Fungi (singular: fungus) are a kingdom of usually multicellular, eukaryotic organisms that are heterotrophs. They have important roles in nutrient cycling in an ecosystem and they also have interdependent associations with plants and bacteria. Fungi reproduce both sexually and asexually, with the study of fungi being known as mycology.
Now before you leave here wondering what eukaryotic or heterotroph means, let me explain that I had to research this myself: “Eukaryotic is an organism whose cells contain a nucleus surrounded by a membrane and whose DNA is bound together by proteins (histones) into chromosomes”, and a “heterotroph is an organism that cannot manufacture its own food by carbon fixation and therefore derives its intake of nutrition from other sources of organic carbon, mainly plant or animal matter. In the food chain, heterotrophs are secondary and tertiary consumers”. Clever biology dictionary people can be found here if you would like to know more.
These fragile forms emerging from grassy verges are all associated with Oak, Birch and Rowan trees. Micro habitats that form the foundations of the macro habitats. A symbiotic relationship that invites awe and excitement and adds the “fun” to the fundamental knowing that we are just inconsequential in the true macro landscape of our planet. Nature is King and Queen in our kingdom and we need to learn our place. Jenny, I will get excited over Nature with you any time!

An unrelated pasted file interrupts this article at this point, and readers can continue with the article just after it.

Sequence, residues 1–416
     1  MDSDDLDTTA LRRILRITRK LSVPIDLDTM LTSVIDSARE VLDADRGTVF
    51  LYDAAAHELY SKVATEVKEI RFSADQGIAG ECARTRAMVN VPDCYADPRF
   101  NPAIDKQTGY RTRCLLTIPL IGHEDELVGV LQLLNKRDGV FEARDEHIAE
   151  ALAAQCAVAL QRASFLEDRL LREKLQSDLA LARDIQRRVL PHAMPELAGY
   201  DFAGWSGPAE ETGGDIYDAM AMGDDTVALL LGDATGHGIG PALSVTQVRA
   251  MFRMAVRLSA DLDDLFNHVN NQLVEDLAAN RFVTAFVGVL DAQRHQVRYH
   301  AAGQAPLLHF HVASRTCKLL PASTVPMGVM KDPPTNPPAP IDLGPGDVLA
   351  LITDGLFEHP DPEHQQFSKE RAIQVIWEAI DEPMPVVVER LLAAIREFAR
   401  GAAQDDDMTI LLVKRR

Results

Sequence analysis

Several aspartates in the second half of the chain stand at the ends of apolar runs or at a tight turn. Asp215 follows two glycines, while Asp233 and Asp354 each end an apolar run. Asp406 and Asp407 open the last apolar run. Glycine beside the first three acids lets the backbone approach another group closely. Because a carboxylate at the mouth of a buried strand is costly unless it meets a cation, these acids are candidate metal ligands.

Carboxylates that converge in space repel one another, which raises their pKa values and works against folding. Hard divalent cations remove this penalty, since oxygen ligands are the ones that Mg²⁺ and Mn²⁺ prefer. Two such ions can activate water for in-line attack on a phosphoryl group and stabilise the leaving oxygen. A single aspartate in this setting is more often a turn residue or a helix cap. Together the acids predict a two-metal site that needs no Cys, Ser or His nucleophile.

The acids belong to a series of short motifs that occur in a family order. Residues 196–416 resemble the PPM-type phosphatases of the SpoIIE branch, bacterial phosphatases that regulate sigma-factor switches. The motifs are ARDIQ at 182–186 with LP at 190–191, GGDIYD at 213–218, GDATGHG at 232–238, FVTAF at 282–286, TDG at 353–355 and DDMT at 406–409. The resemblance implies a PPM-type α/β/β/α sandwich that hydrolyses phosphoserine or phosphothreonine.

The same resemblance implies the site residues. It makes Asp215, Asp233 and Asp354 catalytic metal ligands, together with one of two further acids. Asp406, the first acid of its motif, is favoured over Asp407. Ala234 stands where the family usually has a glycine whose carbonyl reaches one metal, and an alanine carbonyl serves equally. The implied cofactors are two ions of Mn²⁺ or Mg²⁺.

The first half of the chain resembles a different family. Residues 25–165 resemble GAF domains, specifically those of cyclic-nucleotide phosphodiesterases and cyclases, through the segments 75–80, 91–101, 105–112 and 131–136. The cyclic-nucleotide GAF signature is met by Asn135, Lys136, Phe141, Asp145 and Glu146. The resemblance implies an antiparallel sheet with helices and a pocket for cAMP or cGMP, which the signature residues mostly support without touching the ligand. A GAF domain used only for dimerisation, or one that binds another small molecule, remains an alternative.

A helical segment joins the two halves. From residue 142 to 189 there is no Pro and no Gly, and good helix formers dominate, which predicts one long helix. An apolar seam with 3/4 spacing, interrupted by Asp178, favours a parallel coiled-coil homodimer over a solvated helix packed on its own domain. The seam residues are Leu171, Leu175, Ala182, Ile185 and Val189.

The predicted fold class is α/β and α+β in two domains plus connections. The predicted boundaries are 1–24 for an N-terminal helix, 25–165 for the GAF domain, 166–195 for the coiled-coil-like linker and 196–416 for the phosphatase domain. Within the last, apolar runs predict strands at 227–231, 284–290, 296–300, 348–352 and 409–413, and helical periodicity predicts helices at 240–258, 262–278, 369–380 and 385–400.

So, attempting to capture this feeling of wonderment I have been working with wood, fibre and paper and exploring the micro in our macro; adjective rather than noun.
Small interventions in the visual arena; paper darkening over time as the tannin seeps into the paper to become bark again.
Man-made product placed in such a way that it becomes part of its original source again. Made whole and more than the sum of its parts. Who am I, to argue with Aristotle?